New CGRP Drugs are Flooding the Migraine Market—But They’re Not Making a Splash with Patients


Since May 2018, several calcitonin gene-related peptide (CGRP) inhibitors have entered the migraine field, with no fewer than seven gaining U.S. Food & Drug Administration approval for acute migraine treatment and/or prevention. Thanks to this influx of new prescription therapies, the global migraine market is expanding, with some analysts expecting to see its value soar as high as $13 billion by 2027. But if drugmakers want to realize the market’s full potential, they’re going to have to double down on raising public and provider awareness, new data shows.

Only about half of migraine sufferers (52%) have tried acute therapy, and only 37% have used preventive therapy, according to research from Phreesia Life Sciences, which surveyed more than 4,000 migraine patients when they checked in for their doctors’ appointments. What’s more, many patients aren’t even talking to their doctors about new migraine drugs: Among patients who have discussed migraine with their doctor, 36% have not discussed acute migraine medications, and 46% have not discussed preventive treatment options.

Those numbers point to a need for more provider education—particularly for primary care providers, many of whom may not be up to speed on the many new treatment options. Since migraine patients far outnumber headache specialists in the U.S.—in 2020, there were just 700 specialists for 39 million migraine sufferers, according to the Migraine Research Foundation—that’s an audience pharma needs to take into greater consideration.

But pharma marketers also need to get the word out and improve brand recognition among patients. Nearly half (47%) of surveyed patients couldn’t recall a single brand name in the preventive migraine category, and the only brand that came to mind for more than 10% of patients was Topamax, an older drug that gained approval for migraine back in 2004.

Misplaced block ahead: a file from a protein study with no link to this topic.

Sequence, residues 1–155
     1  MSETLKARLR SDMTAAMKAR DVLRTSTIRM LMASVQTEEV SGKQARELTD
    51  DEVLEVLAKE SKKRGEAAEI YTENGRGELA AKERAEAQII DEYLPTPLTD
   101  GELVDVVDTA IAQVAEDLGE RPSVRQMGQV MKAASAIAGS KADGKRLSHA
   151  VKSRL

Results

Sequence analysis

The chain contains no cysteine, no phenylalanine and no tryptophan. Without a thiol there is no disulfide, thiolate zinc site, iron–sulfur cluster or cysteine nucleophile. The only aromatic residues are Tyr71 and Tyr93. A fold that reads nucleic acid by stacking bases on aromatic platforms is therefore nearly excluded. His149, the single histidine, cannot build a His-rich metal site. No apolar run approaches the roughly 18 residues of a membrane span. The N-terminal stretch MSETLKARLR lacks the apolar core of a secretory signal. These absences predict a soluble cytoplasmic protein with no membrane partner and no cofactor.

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So what can CGRP drugmakers do to convert more patients to brand? For starters, they can strengthen their messaging aimed at prescription-naïve patients, many of whom don’t think their condition is serious enough to warrant prescription treatment—and, in some cases, to even discuss with their doctors. Nearly one-fifth of surveyed patients (19%) said they had never talked to their doctors about their migraine symptoms, and among those who hadn’t brought up migraine with their doctors in the past year, 45% said their headaches weren’t serious enough to discuss, and 38% said they were using over-the-counter medications to control their symptoms.

Pharma also can supply the tools and resources that migraine patients want and need to make treatment decisions. When asked what types of information would increase their interest in a new preventive migraine medication, 36% of patients said they wanted information about its side effects, and 28% requested cost information. Separately, when asked what migraine-care resources would be helpful to them, 36% of patients said they could use more information about how a medication works, and 25% said they would find doctor discussion guides helpful.

Drugmakers who can successfully help migraine patients understand that they don’t need to suffer through their symptoms, encourage doctor-patient conversations and empower patients to actively participate in their migraine treatment will benefit as the CGRP market grows increasingly crowded.


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